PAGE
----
Turns out, great minds think alike. In my last post, I told you about some fun I had with my own lot in the Sotheby's Boundless Space: The Possibilities of Burning Man online auction. Well, I'm just learning that another lot was created by some Burning Man Project insiders as a prank.
Here's what they told me:
When we were starting the auction process, the discussion happened that we can't take it 100% seriously because we are burning man. I joked we should put a 4×4 piece of wood on a pedestal and present it as art. Then I realized I'd just voluntold myself to do it.
So [redacted] and I go out to the shop to look for a piece of wood. They pull out some off cuts from the [redacted Burning Man infrastructure] build process, covered in playa dust. I select one that looks handsome. We admire it.
We then get a metal mount for it. I set up a photo backdrop and photograph it. Oh fuck, now it looks like actual art and we love it.
Next we start brainstorming a description for it in International Art English. [Redacted] writes one that's actually kind of true but in flowery art language. I become embarrassed to even be associated with it because people might think we are taking it seriously.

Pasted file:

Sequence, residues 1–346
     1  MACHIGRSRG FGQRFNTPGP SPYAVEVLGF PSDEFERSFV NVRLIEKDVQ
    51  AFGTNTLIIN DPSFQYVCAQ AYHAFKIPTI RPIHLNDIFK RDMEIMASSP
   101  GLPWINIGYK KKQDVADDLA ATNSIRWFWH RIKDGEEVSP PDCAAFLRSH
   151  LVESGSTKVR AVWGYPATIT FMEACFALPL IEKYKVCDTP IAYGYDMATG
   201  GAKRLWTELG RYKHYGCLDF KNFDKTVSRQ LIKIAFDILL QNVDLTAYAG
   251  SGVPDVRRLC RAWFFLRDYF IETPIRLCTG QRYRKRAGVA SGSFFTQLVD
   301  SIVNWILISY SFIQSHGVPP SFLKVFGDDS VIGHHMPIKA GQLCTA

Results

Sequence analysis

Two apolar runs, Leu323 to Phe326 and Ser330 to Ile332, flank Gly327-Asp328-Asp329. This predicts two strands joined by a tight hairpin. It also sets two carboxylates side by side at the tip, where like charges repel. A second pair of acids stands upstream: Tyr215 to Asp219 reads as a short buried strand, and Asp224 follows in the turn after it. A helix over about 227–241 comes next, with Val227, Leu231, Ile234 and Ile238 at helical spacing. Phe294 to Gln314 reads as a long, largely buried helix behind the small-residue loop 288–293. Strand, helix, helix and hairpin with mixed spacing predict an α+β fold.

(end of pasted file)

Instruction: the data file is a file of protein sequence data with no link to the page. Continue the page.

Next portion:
The discussion becomes…when does something become art? How does it become art? Who's to say what is art? Fuck. We haven't solved any questions, and we didn't QUITE fulfill the original idea. So whatever.
…and somehow we ended up Lot 69 🌈
Here's part of that beautiful "International Art English" from the listing:
"This piece is inspired by the 'build it and they will come' ethos of Black Rock City. The construction-grade lumber medium with a rich patina of playa dust carries the physical aspect of the work—but it is the negative space that holds the artists' message.
The story that is set in motion is one of endless possibility and the production of meaning—the liminal space between now and later, past and present, and the wandering, unknowable path that leads us to our future—or one of our possible futures. This work challenges the viewer to consider choices made and not made, and what we gather as we move through the world.
screengrab via Sotheby's